CBI argues for a "competitive" tax system

In 2010-11, businesses paid more than a quarter of the total UK tax take of £551bn.

David Cameron at the CBI annual conference in London. Credit: Getty Images.

UK businesses pay around a quarter, £163bn, of the country’s total tax revenue, and a competitive tax system is essential to the economy and prosperity, John Cridland, director-general at the Confederation of British Industry (CBI) argued in a speech today.

Launching a new report titled Tax and British Business: Making the Case, Cridland said that:

UK businesses need to be competitive on the world stage and are perfectly entitled to operate in low-tax jurisdictions for legitimate business purposes.

The report shows why a balanced and proportionate tax regime is needed to allow business to continue to grow the UK economy and contribute to society, and is about bringing an informed voice to the UK business tax debate.

Out of business’ total contribution in 2010-11, 26 per cent (£42bn) was from corporation tax, the rest being paid through a number of other taxes. The report also shows that a UK business pays more corporation tax than businesses in many of its competitor countries, even those with a much higher rate.

In the current era of austerity there is also a great deal of concern that businesses either abuse the system or even evade paying their proper contribution. While it is important to have a debate about business tax it is vital that that discussion is based on facts and on an understanding of the whole purpose of the tax system, rather than on misinformation, misunderstanding or prejudice.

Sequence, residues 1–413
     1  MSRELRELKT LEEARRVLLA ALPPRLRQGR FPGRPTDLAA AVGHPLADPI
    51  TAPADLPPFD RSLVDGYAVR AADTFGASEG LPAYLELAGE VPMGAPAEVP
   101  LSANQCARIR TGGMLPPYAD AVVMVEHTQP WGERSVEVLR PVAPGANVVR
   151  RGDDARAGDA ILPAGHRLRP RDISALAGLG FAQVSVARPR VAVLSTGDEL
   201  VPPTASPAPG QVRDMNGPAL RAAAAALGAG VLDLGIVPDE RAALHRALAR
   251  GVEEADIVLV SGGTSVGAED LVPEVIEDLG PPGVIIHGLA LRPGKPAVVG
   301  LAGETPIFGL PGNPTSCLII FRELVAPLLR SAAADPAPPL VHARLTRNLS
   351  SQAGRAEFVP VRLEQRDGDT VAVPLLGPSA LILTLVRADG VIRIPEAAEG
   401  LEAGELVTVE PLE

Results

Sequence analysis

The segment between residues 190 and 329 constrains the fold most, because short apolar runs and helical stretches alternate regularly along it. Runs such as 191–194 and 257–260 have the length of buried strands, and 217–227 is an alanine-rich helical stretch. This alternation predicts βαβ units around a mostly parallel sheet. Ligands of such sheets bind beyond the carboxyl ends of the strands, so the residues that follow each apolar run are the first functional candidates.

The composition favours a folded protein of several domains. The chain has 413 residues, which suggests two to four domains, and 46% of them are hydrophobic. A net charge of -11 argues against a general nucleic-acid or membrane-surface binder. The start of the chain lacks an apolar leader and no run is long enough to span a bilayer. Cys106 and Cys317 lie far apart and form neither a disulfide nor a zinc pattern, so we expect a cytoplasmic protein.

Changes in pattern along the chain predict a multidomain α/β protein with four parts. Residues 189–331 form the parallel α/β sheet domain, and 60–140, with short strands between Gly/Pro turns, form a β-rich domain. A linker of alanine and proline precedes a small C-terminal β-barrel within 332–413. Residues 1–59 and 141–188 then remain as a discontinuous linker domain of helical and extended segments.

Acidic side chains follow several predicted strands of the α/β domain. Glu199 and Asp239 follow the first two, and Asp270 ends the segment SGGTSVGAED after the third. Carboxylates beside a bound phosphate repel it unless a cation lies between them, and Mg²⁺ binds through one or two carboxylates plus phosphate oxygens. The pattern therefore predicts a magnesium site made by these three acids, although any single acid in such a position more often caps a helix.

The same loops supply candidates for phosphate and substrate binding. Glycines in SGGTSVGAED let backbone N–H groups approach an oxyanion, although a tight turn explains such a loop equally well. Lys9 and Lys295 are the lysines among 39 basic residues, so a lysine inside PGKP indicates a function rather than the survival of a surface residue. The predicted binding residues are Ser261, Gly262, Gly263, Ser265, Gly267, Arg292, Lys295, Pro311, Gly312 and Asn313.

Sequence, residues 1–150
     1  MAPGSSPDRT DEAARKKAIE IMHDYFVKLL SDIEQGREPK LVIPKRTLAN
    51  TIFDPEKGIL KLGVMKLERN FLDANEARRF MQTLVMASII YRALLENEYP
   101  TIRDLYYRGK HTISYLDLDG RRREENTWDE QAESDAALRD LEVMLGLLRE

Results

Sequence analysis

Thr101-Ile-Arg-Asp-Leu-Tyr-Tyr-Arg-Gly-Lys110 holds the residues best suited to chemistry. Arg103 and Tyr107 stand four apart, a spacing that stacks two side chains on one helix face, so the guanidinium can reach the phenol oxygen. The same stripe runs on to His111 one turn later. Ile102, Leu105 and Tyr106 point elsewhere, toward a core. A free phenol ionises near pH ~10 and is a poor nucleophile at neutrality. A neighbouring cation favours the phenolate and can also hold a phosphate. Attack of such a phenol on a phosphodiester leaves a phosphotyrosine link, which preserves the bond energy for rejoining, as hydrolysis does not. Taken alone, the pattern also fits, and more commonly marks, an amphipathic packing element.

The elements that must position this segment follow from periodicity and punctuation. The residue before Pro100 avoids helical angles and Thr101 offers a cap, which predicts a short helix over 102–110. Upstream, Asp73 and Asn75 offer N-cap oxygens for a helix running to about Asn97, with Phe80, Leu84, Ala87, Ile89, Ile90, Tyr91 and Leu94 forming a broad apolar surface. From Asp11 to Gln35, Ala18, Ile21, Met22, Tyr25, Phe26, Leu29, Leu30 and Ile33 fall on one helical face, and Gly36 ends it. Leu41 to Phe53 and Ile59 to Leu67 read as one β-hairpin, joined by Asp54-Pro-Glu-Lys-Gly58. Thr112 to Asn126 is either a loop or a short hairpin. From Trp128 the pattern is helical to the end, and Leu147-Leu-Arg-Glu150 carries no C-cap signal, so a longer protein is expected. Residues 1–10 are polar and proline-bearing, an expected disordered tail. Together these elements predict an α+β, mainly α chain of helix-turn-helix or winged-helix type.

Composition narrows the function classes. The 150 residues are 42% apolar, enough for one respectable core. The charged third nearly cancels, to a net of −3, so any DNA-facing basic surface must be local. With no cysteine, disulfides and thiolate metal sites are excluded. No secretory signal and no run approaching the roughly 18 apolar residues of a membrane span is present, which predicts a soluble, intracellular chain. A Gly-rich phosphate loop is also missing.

In his speech, Cridland made clear that an important distinction had to be drawn between transparent low-tax jurisdictions and ‘tax havens’ that hide behind secrecy, adding that:

Tax has become a more important issue for most companies and is often now on the agenda of the board of directors. . .

Taxpayers have to work out how much tax they are legally obliged to pay according to the combination of some long-established principles in the statute and other measures including incentives or penalties which change more regularly. Not only is the management of tax costs permitted by law, it is often directly encouraged by government incentives. . .

The UK government has announced its intention to construct the most competitive regime in the G20 to encourage companies to invest and stay in the UK. This does not just mean a competitive headline rate of corporation tax, but includes the use of other incentives to ensure the UK tax environment is attractive to business. However, tax competitiveness is important to governments, and to the national economy. If certain tax incentives give the UK a competitive edge, then the UK benefits.